Fifty years ago this month, the National Historical Publications Commission (“Records” was added in 1974) met to make its first grant recommendation. (There is no visual documentation of this meeting, but I’m sure it looked something like the above image.)
The first meeting of the NHPC had been held on January 29, 1935, in Room 1755 of the New Department of Justice Building, which served as the temporary office of the Archivist of the United States while the National Archives Building located across the street was being completed. The meeting was chaired by Robert D.W. Connor, Archivist of the United States. Among the other Commission members in attendance were Dumas Malone, representing the American Historical Association, and J. Franklin Jameson, representing the Librarian of Congress.
At that meeting the following motion was approved by a unanimous vote:
“RESOLVED, That the National Historical Publications Commission should, after making plans and estimates, recommend to Congress that in any celebration of the sesqui-centennial of the adoption of the Constitution, one element should be a documentary historical publication illustrative of the origins of the Constitution, to be executed under the supervision of the National Historical Publications Commission.”
Although the NHPC continued to meet during the following years to discuss and offer encouragement to a variety of documentary editing projects, no Federal funds were appropriated to support these efforts until 1964, when Public Law 88-383 authorized the awarding of “grants to State and local agencies and to nonprofit organizations and institutions, for the collection, describing, preserving and compiling, and publishing (including microfilming and other forms of reproduction) of documentary sources significant to the history of the United States.”
At the NHPC’s September 11, 1964, meeting, the following motion was approved by a unanimous vote:
“RESOLVED, That the National Historical Publications Commission hereby respectfully recommends to the Administrator of General Services as Allocation #1 under P.L. 88-383 the sum of $39,000 for the continued support from October 1, 1964, to June 30, 1965, of the project for compiling and publishing a Documentary History of the Ratification of the Constitution and First Ten Amendments, this amount representing three-fourths of a proposed annual budget of $52,000, and this allocation being conditional upon appropriations being made by the present Congress for the implementation of this legislation.”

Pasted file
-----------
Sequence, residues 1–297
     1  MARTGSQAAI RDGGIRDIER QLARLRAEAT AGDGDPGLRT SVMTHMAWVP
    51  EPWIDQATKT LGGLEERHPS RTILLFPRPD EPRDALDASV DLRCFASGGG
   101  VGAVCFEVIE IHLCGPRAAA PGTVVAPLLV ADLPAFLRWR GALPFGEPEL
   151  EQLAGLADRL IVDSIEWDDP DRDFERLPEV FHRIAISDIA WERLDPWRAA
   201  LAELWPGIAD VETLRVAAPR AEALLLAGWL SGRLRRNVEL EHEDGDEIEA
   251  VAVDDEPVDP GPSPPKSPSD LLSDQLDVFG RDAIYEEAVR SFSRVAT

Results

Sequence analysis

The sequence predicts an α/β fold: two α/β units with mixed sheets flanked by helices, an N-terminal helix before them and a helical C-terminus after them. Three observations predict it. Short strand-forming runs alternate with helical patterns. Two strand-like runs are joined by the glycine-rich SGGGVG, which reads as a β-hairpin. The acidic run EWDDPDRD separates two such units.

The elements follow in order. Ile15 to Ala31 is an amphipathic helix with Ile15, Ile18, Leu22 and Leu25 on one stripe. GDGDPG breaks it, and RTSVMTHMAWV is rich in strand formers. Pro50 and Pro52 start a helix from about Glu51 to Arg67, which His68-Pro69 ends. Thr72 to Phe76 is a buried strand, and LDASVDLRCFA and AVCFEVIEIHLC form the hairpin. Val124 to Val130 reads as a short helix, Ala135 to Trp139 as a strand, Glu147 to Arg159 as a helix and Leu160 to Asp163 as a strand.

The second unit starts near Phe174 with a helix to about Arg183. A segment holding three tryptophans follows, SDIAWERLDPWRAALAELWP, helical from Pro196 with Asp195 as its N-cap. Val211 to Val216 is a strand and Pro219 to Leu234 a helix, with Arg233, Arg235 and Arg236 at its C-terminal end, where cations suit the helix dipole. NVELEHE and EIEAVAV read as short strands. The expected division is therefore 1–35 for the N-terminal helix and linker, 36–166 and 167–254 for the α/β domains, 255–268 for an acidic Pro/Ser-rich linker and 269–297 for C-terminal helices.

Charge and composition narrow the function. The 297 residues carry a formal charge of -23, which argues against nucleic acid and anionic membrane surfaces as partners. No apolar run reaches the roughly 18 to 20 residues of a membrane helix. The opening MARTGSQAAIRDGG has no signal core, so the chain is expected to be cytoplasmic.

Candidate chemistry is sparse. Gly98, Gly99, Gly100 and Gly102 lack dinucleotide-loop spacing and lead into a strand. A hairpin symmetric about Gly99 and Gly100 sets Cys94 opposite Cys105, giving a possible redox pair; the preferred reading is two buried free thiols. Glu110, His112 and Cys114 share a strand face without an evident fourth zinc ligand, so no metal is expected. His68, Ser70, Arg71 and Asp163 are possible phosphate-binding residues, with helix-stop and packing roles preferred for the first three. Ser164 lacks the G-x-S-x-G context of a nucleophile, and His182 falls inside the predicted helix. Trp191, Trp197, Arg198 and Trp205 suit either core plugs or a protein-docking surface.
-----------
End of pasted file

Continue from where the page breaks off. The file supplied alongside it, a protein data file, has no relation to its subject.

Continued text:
In 1964, the National Archives and Records Service (NARS) was part of the General Services Administration (GSA), and the Administrator of GSA had sole authority to award grants, based on the recommendations of the NHPC. When NARA was created as an independent agency in 1984, the Archivist of the United States assumed that authority.
Not long after the NHPC’s meeting on September 11, 1964, Congress appropriated $350,000 to implement P.L 88-383, and the first grant was awarded to the Constitution Project, as recommended by the members of the NHPC. This grant of $52,000 covered the project’s expenses for an entire year. Approximately 5,000 grants have been awarded since Allocation #1.